As a purely ‘listening’ album, Ssss is not a disappointment; whether it would work in a Richie Hawtin club set is debatable, but as a collaboration between two electronic music stalwarts it is interesting and engaging stuff, and there’s no denying the quality of the synth design at work here. At times you do long for a more song-based collaboration, a chance to hear how Clarke would have wrapped his synths around Gore’s mournful lyrics, a Depeche Mode that never was, but that was clearly never the premise here (particularly as Gore is hardly the most prolific lyricist in the world). Nevertheless, there is a distinct sense of two musicians challenging each other by operating outside of their comfort zone, with very fine results indeed.

For Mute 4.0, Ssss is being reissued as an orange double LP edition.

First posted 2012; edited 2018.

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(c) 2018 Mat Smith / Documentary Evidence

Electronic Sound Issue 45

The ‘bundle’ edition of Electronic Sound 45 has already sold out, which means that if you didn’t buy it already, you’ve missed out on the opportunity to hear the exclusive Vince Clarke remix of ‘Magic Fly’ by Space that formed the A-side of the accompanying 7″ single. And believe me, that’s a pity – it ranks among Mr Clarke’s finest remixes and you’ll now probably never get to hear it. The B-side was the wonderful and moving ‘Before’ by Vince’s VeryRecords signing Reed & Caroline, marking the duo’s first time on a vinyl record.

For this issue I interviewed Didier Marouani, the classically-schooled musician behind the mysterious space helmet-wearing Space, marking one of those privileged opportunities that this magazine often gives me to write a story that hasn’t really ever been told before. My mum was dead proud too, because she bought ‘Magic Fly’ when it first came out in 1977 (I was a mere year old), and I think she believes that this had a major influence on my later interest in electronic music – and she’s probably right.

Elsewhere, for this issue I wrote reviews of albums by Julia Kent & Jean DL, Ghostly signings Helios, the marvellous Dutch group Go March, and Welsh non-pop artists HMS Morris. I also got the chance to review two absolutely stonking records – a jazz opus by Bugge Wesseltoft & Prins Thomas, and O.Y. In Hi-Fi by Optiganally Yours, fast becoming the record I’ve played more than any this year. The record was constructed principally from the original master tapes of sounds that would be used in Mattel’s Optigan, meaning it was made with sounds from the Optigan but in a high resolution form that the Optigan itself could never deliver.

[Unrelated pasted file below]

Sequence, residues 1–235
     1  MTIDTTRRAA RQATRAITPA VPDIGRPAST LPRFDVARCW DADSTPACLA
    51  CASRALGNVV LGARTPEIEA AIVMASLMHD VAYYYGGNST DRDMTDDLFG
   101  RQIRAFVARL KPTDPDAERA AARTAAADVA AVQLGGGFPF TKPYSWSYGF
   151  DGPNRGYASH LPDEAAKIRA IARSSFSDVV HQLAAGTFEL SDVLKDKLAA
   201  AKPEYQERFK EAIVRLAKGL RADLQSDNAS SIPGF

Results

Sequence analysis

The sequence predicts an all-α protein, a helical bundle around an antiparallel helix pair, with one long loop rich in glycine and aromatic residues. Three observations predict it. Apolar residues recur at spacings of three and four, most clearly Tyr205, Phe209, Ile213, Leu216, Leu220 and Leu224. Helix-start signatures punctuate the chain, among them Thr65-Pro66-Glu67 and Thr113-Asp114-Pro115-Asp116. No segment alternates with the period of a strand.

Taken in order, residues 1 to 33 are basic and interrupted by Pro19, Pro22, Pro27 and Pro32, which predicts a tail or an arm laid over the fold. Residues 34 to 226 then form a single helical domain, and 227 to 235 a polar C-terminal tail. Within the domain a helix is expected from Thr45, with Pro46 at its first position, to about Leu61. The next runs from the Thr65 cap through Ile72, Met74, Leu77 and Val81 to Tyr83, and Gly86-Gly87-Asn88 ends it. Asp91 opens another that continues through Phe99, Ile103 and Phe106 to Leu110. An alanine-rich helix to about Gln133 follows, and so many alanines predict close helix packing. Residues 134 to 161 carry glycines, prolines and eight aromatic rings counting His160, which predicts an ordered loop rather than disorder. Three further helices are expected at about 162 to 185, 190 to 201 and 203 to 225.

And linking that back around to the 7″ you sadly can’t listen to – Pea Hicks from Optiganally Yours is the custodian of the only equipment in existence to manufacture optical discs for the Vako Orchestron, the zany professional version of the Optigan which Reed Hays used on Reed & Caroline’s Hello Science, turning Caroline Schutz’s vocal into lo-fi textural loops.

The non-bundle version of issue 45 is available at www.electronicsound.co.uk

(c) 2018 Mat Smith / Documentary Evidence for Electronic Sound

Reed & Caroline – Before (Aylesbury High School Chamber Choir performance, 27 June 2018)

The Aylesbury High School Chamber Choir performed ‘Before’ by Reed & Caroline at their Music, Muses and Movement concert on Wednesday 27 June. The performance was the culmination of almost three months of planning and rehearsal by the choir.

When working on the promotional support for Reed & Caroline’s second VeryRecords album Hello Science, Reed Hays, Caroline Schutz, Vince Clarke and I kept coming back to the notion that ‘Before’ sounded a lot like a hymn because of its philosophical and spiritual quality. Caroline in particular said that performing that piece reminded her of the Christian hymns she sang at school, despite growing up Jewish. That got us thinking about asking a choir to perform the song, so I asked the music teacher at the girls’ high school in Aylesbury as to whether they’d be willing to support the promotion of Hello Science with a performance of the song, and they graciously consented.